Putting a roof on is so much work!
First, all the decisions to make: roof style (gable, gambrel, arched, flat?), whether or not to put in dormers (light and precious, precious space added, depending on what roof style), how much insulation, what type of insulation? What material for the outer skin? Metal? Asphalt shingles? Wood shakes? EPDM? hot or cold (vented) roof? I will use a wood stove, so chimney through the roof or through the wall? Good thing I like to do research. There are so many choices, so much information to evaluate!
Then comes the reality of putting that puppy together. I find that this is the stage where flaws in my design really show up, necessitating on-the-fly changes and re-evaluations of my patience and ability. I’m sure that with generous helpings of both, I could have fixed the initial roof trusses, but after staring at the darn things for a year, decided I lacked both. Off with the cool gambrel trusses, and on with the “flat” roof. Boring, yes, but also doable and gives a huge bang of space for the buck. Even so, this is a lot of work. Hard, sweaty, muscle-groaning work. I never knew that sweat actually DOES sting your eyes until I started this project. Maybe it’s partly due to my state of physical fitness (almost nonexistent), but more likely it just comes with the job. I am handling heavy, awkward pieces of wood, really high in the air, alone, and without experience. Yeah, I sweat!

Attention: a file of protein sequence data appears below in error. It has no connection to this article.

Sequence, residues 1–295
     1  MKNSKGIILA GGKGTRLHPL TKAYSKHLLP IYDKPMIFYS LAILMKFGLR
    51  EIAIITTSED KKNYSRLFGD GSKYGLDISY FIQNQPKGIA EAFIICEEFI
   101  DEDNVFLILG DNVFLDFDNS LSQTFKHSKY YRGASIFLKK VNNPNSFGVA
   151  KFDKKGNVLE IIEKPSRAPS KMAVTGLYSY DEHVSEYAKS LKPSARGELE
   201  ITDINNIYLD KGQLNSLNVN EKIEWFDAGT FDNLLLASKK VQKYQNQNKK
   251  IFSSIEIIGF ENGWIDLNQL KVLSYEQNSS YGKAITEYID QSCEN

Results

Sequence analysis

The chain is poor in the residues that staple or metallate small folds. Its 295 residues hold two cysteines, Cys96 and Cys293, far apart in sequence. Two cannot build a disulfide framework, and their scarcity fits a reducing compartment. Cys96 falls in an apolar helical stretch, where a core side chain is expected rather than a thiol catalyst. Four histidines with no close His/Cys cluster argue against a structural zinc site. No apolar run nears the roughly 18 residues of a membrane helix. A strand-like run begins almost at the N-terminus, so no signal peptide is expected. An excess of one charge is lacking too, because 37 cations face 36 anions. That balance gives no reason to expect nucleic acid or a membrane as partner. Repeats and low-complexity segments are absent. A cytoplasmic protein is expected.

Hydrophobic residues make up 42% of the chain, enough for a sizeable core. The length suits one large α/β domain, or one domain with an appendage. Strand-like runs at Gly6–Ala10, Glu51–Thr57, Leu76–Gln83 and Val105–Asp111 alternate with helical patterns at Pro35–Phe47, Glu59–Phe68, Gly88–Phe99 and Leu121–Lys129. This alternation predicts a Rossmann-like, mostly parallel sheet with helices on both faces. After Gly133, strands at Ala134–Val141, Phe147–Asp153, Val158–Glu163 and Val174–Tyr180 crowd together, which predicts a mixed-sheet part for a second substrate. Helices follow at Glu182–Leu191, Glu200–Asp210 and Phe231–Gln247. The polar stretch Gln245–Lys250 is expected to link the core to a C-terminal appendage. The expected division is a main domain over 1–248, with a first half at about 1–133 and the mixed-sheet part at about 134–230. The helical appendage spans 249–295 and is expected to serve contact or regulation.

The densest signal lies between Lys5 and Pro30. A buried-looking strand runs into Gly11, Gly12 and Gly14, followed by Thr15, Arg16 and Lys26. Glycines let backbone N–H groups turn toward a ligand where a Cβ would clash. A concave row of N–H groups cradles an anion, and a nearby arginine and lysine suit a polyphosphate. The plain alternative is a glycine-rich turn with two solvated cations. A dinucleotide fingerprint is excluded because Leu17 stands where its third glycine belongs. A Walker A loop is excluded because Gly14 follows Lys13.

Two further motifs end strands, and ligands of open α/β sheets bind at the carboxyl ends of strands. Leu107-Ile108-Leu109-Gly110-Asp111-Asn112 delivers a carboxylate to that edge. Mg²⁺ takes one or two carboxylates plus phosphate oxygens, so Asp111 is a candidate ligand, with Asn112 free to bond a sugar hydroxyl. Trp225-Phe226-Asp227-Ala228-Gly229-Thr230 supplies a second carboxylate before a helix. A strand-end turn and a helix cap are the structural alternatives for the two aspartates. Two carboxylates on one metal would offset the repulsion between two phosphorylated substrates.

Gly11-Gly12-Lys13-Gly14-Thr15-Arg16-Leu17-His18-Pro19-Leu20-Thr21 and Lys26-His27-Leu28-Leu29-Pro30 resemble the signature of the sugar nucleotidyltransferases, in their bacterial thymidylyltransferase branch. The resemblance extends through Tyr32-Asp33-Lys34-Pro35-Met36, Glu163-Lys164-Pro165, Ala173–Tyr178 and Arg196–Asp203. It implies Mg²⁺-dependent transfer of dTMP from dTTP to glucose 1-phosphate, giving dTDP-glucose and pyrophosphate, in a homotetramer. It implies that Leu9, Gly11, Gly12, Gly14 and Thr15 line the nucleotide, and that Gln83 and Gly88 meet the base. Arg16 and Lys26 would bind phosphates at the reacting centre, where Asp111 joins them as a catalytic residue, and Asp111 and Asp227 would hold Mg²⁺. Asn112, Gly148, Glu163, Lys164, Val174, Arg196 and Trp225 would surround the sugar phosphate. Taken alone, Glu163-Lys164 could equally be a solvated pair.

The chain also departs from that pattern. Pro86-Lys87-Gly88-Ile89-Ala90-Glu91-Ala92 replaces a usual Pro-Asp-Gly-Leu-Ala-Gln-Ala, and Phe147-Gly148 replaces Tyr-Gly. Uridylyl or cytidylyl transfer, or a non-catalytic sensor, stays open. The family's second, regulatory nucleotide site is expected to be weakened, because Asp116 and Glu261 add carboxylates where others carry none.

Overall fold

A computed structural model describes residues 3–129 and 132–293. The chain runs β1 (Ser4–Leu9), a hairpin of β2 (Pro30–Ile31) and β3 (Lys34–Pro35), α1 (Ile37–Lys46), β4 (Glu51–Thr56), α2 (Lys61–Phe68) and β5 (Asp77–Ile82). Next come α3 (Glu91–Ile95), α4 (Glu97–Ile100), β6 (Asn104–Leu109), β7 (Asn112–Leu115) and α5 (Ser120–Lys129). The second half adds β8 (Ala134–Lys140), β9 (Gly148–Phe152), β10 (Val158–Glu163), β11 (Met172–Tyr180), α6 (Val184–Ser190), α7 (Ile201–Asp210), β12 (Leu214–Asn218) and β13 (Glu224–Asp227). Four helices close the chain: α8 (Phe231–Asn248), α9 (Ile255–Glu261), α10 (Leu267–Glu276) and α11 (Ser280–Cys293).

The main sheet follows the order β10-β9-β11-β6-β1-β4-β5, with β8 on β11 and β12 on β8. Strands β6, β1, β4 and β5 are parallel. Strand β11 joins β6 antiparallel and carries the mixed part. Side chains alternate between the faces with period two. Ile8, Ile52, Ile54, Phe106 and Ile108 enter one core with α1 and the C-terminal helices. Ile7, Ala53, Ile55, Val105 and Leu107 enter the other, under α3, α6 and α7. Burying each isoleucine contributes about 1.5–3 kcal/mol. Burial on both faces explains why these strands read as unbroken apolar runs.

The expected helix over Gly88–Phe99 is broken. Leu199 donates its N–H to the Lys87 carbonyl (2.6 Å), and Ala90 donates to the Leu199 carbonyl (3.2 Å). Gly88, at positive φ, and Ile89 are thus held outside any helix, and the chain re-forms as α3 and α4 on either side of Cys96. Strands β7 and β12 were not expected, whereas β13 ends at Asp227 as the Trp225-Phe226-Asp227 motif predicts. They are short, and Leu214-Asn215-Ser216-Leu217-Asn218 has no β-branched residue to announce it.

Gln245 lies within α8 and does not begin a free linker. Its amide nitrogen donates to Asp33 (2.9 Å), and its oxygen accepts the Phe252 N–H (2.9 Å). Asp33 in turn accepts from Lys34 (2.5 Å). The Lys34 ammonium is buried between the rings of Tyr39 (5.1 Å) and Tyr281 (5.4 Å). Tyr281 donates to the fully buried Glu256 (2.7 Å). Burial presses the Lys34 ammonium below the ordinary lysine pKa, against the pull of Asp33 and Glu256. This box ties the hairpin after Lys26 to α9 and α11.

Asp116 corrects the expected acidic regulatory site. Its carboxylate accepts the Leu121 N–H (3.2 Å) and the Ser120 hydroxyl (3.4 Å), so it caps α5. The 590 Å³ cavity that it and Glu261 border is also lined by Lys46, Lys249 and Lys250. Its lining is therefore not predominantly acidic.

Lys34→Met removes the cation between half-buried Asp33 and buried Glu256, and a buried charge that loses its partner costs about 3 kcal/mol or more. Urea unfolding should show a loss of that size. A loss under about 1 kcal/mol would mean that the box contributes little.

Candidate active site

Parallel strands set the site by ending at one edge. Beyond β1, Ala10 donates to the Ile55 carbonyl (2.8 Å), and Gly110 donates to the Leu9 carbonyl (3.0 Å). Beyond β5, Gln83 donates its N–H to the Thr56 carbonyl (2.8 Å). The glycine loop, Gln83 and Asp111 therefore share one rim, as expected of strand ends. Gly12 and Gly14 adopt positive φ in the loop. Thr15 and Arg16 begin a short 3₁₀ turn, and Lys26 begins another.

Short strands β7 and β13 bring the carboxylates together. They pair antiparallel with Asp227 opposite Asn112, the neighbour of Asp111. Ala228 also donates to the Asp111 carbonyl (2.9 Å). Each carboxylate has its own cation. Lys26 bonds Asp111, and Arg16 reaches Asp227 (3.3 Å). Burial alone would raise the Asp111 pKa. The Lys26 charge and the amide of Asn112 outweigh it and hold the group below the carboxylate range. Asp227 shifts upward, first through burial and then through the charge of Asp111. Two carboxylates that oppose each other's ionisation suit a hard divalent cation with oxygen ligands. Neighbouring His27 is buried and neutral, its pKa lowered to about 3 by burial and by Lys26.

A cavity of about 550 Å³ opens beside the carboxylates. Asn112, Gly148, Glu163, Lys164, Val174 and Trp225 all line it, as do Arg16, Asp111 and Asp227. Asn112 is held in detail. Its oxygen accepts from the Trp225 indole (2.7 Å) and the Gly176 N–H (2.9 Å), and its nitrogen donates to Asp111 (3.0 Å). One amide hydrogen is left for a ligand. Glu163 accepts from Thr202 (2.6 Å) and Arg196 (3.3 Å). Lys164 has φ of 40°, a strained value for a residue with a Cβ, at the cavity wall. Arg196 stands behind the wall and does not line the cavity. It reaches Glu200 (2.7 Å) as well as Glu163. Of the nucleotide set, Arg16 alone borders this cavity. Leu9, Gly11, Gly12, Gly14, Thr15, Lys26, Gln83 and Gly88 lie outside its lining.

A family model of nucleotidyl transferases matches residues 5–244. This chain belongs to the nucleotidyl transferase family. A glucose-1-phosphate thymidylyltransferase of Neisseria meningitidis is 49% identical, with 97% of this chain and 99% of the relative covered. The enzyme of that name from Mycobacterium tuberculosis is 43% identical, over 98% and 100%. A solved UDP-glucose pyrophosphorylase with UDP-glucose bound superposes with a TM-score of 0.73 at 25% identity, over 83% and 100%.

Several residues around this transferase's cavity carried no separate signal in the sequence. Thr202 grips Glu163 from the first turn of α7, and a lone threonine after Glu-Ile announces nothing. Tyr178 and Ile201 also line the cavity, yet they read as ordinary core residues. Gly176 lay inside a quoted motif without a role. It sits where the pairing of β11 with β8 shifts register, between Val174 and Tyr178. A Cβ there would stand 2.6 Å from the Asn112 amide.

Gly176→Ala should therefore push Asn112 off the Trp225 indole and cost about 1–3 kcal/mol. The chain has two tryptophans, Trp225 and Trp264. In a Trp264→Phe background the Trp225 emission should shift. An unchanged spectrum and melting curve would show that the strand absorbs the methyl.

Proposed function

There are days when I’m tempted to just build a most basic box, and not worry about boring stuff like thermal bridging and moisture problems; or simply follow a plan developed by someone other than me… I can see the allure. Well, actually seeing as it’s me talking here, the truth is I like a challenge, and to try to do things as “right” and “perfect” as possible. In my own special way. In my own, special, really hard-to-do way.
So. What stage is Oliver’s Nest at? Well, the insulation “sandwich” layer is on, the trusses have been wrangled into place and tethered down by many screws and metal tie-downs, the Roxul insulation is tucked in and securely covered by the AtticFoil radiant barrier, and the sheathing has been cut to size and numbered so I will know which piece goes where without (hopefully) any mistakes. I would have liked to use full-size plywood pieces, but they are just too heavy and unwieldy for me. I don’t think even having my boy over to help would get them up. I don’t think it’s the strongest roof design, but it will work for now.
I want to remember how much I messed up my knee doing this and yet continued on; how sore my shoulders and back are. Years from now I want to appreciate the work I’m putting into this little home. I often downplay accomplishments, and I’d rather not do that with Oliver’s Nest. It is an important part of a giant leap-of -faith that I can make a happy life for myself, and hopefully leave a lovely space for my son some day.
After having to balance on loose trusses for days, being able to walk across the roof deck is wonderful! I’m thinking it’ll take another day to finish the decking, and after that a day to get the drip edges on. It’s supposed to be drizzly for almost a week starting tomorrow, so my knee will get that rest the doctor ordered. Booo-ring!